Businesses recover after losing everything in Sun Prairie explosion

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SUN PRAIRIE (WKOW) — The deadly explosion in Sun Prairie leveled buildings downtown, destroying numerous small businesses in seconds.

A handful had to move out of the downtown area, some closing up, others desperately looked for a safe, new home to reopen.

Renee Von Klopp, who owns Razor Sharp Screen Printing with her husband, lost everything in their shop and the building itself.

“I could just see the flames coming out of what would have been our front windows. And I called my husband and I said, ‘it’s gone’,” she told 27 News.

Razor Sharp was connected to the Barr House, which was ground zero for the explosion.

“We literally woke up the day after the explosion and we’re like, we don’t have jobs. What do we do? Do we just call it quits and walk away? Or do we just kind of, you know, say, okay, we just got to start over and make this happen,” Von Klopp said.

Glass Nickel Pizza directly across the street met the same fate.

“We were expecting to go back to work (after we evacuated for the gas leak),” said owner Adam Bougie. “We were kind of waiting for the OK for us to be able to just kind of go back in the building, when the building blew up and then the gas man started on fire.”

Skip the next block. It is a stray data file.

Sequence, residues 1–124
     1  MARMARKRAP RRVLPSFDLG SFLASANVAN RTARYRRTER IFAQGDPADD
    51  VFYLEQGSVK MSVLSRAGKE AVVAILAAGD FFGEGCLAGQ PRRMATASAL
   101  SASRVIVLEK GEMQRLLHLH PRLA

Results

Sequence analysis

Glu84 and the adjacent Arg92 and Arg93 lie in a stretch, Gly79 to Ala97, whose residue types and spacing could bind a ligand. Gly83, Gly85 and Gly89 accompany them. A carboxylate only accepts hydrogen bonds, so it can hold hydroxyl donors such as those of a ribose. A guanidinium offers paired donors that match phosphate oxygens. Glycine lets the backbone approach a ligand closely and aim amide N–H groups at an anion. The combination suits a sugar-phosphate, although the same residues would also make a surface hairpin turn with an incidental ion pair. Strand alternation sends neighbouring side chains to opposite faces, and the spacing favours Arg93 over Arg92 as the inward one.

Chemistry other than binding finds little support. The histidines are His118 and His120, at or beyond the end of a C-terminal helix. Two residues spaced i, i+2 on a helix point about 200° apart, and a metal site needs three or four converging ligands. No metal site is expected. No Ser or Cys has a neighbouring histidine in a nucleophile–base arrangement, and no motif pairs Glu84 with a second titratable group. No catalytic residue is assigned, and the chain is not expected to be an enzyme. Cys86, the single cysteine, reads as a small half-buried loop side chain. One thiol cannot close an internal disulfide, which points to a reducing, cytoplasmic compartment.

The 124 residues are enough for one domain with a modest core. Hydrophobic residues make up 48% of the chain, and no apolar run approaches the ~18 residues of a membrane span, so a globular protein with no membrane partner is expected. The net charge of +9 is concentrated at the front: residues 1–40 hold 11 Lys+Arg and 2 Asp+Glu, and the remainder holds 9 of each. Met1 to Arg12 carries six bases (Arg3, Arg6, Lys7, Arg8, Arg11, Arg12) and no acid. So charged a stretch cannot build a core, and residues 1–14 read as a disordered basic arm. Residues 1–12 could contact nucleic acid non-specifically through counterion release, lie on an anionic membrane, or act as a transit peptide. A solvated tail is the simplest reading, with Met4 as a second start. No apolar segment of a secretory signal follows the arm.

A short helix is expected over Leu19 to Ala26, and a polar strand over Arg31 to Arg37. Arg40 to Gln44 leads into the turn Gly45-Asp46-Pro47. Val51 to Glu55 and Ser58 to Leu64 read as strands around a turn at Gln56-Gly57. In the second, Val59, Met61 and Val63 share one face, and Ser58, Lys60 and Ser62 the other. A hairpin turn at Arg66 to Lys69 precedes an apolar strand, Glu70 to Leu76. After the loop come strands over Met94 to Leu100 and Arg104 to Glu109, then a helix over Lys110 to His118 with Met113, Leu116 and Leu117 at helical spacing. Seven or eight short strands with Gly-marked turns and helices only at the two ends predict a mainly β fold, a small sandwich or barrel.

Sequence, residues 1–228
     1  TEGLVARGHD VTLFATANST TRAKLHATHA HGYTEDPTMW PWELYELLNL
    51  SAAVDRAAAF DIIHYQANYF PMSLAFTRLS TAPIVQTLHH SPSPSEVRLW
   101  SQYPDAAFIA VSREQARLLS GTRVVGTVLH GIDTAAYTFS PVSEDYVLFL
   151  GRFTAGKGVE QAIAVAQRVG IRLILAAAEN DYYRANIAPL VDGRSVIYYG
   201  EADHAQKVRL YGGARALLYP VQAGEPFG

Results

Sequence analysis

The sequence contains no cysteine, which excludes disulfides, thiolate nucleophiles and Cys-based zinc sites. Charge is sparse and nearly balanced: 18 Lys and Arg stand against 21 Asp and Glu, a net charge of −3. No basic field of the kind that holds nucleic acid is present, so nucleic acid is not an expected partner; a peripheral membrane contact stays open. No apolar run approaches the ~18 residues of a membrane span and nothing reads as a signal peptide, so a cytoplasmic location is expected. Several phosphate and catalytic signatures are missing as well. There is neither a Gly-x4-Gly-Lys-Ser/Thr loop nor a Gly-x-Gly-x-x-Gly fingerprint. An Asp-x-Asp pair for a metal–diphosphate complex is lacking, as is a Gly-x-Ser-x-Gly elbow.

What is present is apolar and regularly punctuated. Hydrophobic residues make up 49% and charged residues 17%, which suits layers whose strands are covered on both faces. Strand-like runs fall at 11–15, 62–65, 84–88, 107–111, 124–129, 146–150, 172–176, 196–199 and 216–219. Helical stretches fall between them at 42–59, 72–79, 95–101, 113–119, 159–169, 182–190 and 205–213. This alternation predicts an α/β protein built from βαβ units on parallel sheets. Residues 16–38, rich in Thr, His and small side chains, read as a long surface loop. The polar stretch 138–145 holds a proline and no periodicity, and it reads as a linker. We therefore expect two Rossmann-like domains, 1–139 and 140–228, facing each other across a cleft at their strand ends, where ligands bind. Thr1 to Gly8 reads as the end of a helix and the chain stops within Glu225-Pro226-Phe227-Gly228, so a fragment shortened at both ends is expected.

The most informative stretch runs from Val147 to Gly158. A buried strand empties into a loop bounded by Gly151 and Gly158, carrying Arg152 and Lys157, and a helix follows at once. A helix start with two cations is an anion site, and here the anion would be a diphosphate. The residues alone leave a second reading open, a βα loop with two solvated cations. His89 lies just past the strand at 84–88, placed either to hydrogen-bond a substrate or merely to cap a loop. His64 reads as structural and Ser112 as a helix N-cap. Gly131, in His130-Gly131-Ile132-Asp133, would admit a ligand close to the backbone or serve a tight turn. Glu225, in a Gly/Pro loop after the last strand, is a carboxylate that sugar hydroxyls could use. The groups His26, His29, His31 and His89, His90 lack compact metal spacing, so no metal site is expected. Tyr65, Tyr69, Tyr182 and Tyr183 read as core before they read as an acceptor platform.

It took three months for Bougie’s team to find a new spot away from downtown and reopen again.

Von Klopp said her vendors and customers were so understanding and helpful that they were able to work temporarily out of their home for a while, until they found a new spot downtown, still on Main Street.

Razor Sharp reopened in January to more business than ever.

“We’ve had so much more walk in traffic than we ever had before,” Von Klopp said. “Now we’re seeing dozens of people every day coming through, which is fantastic.”

Both business owners credit the community support for making it possible to return.

“The outpouring that I received, everybody from the area, received after the explosion, made it even more obvious to me how much not only I was a part of the community, but how important the community was,” Bougie said.

Bougie hopes to rebuild downtown in the spot where Glass Nickel once stood.

The businesses are both marking the anniversary in their own way. Razor Sharp created a “Sun Prairie Strong” T-shirt to raise money for a memorial to Cory Barr. They’ve sold 350 to people from the community and all over the area.

Glass Nickel was planning to feed firefighters before the anniversary ceremony and donated a quarter of all sales on Wednesday.

Jennifer Kliese

Jennifer Kliese

Weekend Anchor and Reporter, 27 News

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